Showing posts from March, 2009


Catholic Homily / Sunday Reflections / Sunday Worship Guide
5th Sunday of Lent(B)
March 29, 2009

Readings: Jer 31:31-34 / Heb 5:7-9 /Jn 12:20-33

The apostle Philip must have exuded some kind of inner resourcefulness that gave people around him the impression he could lead them to things or persons they were looking for. Today, we are told that some Greeks approached him asking for advice on where to find Jesus, saying to him, “We would like to see Jesus.” The same resourceful Philip, we are told elsewhere, was the one whom the Lord asked, “Where can we buy enough food for them to eat?” (Jn 6:5) Philip, as practical as he was resourceful, had a ready answer: “Two hundred days wages would not be enough for each of them to have a little bit.” It turned out, however, that Andrew the fisherman, who had a quick eye for opportunity, was the one who “discovered” that there was a young man who had a few loaves and some fish with him.

I have a couple of curious insights in today’s Gospel passage, by…


Sunday Morning Worship / Gospel Reflection /
Catholic Homily
4th Sunday of Lent Year BMarch 22, 2009

It was the lowest point in the history of the chosen people of God! Worse than the situation they were in, there was none… being on exile, being far from the land promised to their forefathers, far from the temple, far from what they have gotten used to, far from the familiar sights and sounds of home, far from the security that comes from the knowledge that what one does is never foreign, never strange to anybody around him or her. The chosen people of God were down in the depths of communal humiliation and suffering… at Babylon, where the purity of their faith could not find perfect expression. “By the rivers of Babylon, there they sat and wept, on the poplars that grew there, there they hung up their harps.” On top of all this, Jerusalem, the holy city was left in ruins, destroyed by the gentile conquerors. The Israelites, for all intents and purposes, were “pitched past pitch of grief…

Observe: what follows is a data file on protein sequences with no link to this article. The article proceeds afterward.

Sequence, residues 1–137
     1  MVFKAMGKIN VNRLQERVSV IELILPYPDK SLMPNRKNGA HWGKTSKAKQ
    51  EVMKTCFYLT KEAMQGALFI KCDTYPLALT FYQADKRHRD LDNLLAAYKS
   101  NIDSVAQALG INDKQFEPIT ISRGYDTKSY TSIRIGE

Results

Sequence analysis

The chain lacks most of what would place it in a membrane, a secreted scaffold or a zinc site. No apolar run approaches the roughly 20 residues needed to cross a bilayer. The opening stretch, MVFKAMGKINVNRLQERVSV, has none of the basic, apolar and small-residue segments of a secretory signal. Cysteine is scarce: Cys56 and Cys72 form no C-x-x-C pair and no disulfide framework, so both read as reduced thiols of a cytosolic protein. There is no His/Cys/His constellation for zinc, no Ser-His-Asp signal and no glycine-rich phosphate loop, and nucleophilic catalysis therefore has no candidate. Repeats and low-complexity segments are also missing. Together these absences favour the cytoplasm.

Catholic Homily / Sunday Reflection
3rd Sunday of Lent - Year B
March 15, 2009

We humans seem to have it in our heads clearly enough… the answer to evil is retribution. Anybody guilty of doing wrong ought to be punished. The more impulsive among us would demand immediate retribution, as in the case of capital punishment for “heinous crimes.” The more pacifist among us, especially those whose faiths have been hijacked by New Age doctrine would rather believe that the evil one does already has a built-in retribution mechanism in the very act itself. What goes around comes around, and it would just be a matter of time when karmic retribution would haunt the doer of the evil deed, so they say. The former takes the act of retribution actively into one’s own hands… “an eye for an eye; a tooth for a tooth”… Revenge, many times violent, is the way to go for these people who think that every action demands an equal, (more often, it is unequal) and opposite reaction. This is behind the popularity…


Catholic Homily / Sunday Reflection
2nd Sunday of Lent (B)March 8, 2009

Something must be wrong here somewhere! God must be kidding. Or He must have missed some little detail somewhere. Why did He have to give, only to get it back cruelly after? Why the gift of Isaac to old Abraham and then ask him to do the ultimate sacrifice? It just does not make sense. There is simply no logic here, no rhyme, nor reason to it all.We all are familiar with these questions. Most of us, if not all – who have lived a life beyond celebrating birthdays with cake, clowns, chocolate, and cotton candies galore have gone face to face with the mystery of suffering, the unfathomable reality of pain and loss and disappointment and disillusionment.

We know well enough by experience… that at times, things just do not add up; events in our lives just do not follow cut-and-dried rules, no matter how simplistically, at times, certain newfangled doctrines would try to explain them away so facetiously.Life, and everythin…